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Grow Your Own Replacement Parts

CBS Evening News, February 6, 2008

In the U.S. alone, more than 98,000 people are currently on waiting lists for organ transplants. Demand greatly outnumbers supply, however, and many patients will die before ever receiving the needed organ. But now, stem cells offer an alternative solution.

Dr. Anthony Atala and his colleagues at the Wake Forest University in North Carolina believe that "anything inside the body can be grown outside the body." So far they have already made 18 different types of body tissue from stem cells, which include heart valves and the entire heart of a mouse which was grown from scratch, layer by layer, as well as a new human bladder. Using Dr. Atala's technique of growing an entirely new bladder, a patient in a clinical trial at the Thomas Jefferson Hospital in Philadelphia successfully received a new bladder transplant that was made from the patient's own stem cells. It is believed that every tissue of the body contains its own stem cells, and in this particular case the bladder cells were isolated from the patient, expanded and, 8 weeks later, the new bladder was in the operating room and ready for transplantation. As Dr. Patrick Shenot, the transplant surgeon who performed the operation, explained, "It's very much the future, but it's today. We are doing this today."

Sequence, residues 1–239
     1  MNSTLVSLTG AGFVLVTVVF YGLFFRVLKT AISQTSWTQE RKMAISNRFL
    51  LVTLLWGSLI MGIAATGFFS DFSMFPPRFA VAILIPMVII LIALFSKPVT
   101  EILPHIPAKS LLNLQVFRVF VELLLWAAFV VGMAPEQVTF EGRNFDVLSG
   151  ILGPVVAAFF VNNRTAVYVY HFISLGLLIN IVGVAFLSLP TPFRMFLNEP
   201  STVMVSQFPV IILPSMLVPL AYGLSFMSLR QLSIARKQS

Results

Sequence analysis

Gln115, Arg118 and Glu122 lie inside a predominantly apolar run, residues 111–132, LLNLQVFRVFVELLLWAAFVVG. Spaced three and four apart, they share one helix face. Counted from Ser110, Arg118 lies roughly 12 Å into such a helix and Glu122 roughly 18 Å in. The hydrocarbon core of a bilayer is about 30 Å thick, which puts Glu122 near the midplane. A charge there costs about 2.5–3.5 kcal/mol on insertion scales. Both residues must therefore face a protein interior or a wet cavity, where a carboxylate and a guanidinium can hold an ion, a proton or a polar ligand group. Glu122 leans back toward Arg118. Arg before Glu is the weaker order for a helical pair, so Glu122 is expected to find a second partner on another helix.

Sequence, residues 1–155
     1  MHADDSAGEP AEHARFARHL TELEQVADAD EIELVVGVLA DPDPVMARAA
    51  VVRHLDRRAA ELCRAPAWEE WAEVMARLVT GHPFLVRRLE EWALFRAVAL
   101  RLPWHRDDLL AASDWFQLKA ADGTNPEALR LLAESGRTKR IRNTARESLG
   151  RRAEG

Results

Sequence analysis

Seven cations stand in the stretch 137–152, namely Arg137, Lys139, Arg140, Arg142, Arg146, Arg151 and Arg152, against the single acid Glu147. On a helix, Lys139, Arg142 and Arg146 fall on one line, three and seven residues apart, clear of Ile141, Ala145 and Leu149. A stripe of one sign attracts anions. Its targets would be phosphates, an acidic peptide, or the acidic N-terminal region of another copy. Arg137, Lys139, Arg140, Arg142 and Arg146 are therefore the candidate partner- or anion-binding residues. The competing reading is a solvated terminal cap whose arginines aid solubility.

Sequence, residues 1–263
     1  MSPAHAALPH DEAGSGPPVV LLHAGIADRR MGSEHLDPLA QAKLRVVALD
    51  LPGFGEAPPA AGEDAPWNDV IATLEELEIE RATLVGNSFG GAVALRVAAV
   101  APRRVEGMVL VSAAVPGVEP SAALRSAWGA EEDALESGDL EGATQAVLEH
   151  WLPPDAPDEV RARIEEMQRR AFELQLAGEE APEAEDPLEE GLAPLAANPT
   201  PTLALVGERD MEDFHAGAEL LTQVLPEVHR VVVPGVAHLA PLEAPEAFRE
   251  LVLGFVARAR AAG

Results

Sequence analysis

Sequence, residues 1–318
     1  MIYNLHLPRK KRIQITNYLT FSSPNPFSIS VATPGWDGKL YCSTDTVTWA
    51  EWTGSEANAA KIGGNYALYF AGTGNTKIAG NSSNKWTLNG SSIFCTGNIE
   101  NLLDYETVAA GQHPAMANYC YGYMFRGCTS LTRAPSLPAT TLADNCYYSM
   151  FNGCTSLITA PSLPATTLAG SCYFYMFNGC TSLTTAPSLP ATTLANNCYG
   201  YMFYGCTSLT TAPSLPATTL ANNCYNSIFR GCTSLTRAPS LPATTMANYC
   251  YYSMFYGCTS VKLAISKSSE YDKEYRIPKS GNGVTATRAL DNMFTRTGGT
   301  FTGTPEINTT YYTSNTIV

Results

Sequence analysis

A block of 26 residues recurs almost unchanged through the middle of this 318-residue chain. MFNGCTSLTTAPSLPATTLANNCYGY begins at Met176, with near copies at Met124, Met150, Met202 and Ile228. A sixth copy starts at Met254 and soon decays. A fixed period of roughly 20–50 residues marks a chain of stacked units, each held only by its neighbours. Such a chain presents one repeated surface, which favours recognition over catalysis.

The research is already translating into big business. The biotech company Tengion, Inc., now exists almost exclusively for the "manufacture" of new bladders from a patient's own stem cells. According to CBS news, "The Tengion Company has bought the license, built the factory, and is already making the bladders developed at Wake Forest." According to Tengion's CEO, Dr. Steven Nichtberger, "We're actually building a very real business around a very real and compelling patient need. In regenerative medicine, I think it is similar to the semiconductor industry of the 1980s. You don't know where it's going to go, but you know it's big." Tengion has plans to expand beyond the creation of bladders, and to mass-produce blood vessels and kidneys.

Regenerative medicine is redefining most aspects of conventional medicine, and the field of organ transplantation is no exception. According to Wyatt Andrews of CBS News, "Patients in the future, instead of waiting years for a donated organ, will wait a few weeks and... grow their own."



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